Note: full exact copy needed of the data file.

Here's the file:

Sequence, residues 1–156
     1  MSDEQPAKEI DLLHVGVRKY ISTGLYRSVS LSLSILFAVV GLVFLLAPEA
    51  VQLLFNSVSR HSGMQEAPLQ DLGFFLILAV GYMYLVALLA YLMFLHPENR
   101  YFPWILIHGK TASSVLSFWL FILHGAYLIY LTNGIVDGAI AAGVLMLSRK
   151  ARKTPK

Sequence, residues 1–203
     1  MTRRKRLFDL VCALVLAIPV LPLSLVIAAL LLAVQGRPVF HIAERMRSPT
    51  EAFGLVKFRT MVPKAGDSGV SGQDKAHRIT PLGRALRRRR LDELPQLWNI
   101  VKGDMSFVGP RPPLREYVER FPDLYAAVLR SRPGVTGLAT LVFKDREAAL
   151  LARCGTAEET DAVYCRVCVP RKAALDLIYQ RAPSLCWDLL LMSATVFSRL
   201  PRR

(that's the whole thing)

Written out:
Sequence, residues 1–156
     1  MSDEQPAKEI DLLHVGVRKY ISTGLYRSVS LSLSILFAVV GLVFLLAPEA
    51  VQLLFNSVSR HSGMQEAPLQ DLGFFLILAV GYMYLVALLA YLMFLHPENR
   101  YFPWILIHGK TASSVLSFWL FILHGAYLIY LTNGIVDGAI AAGVLMLSRK
   151  ARKTPK

Sequence, residues 1–203
     1  MTRRKRLFDL VCALVLAIPV LPLSLVIAAL LLAVQGRPVF HIAERMRSPT
    51  EAFGLVKFRT MVPKAGDSGV SGQDKAHRIT PLGRALRRRR LDELPQLWNI
   101  VKGDMSFVGP RPPLREYVER FPDLYAAVLR SRPGVTGLAT LVFKDREAAL
   151  LARCGTAEET DAVYCRVCVP RKAALDLIYQ RAPSLCWDLL LMSATVFSRL
   201  PRR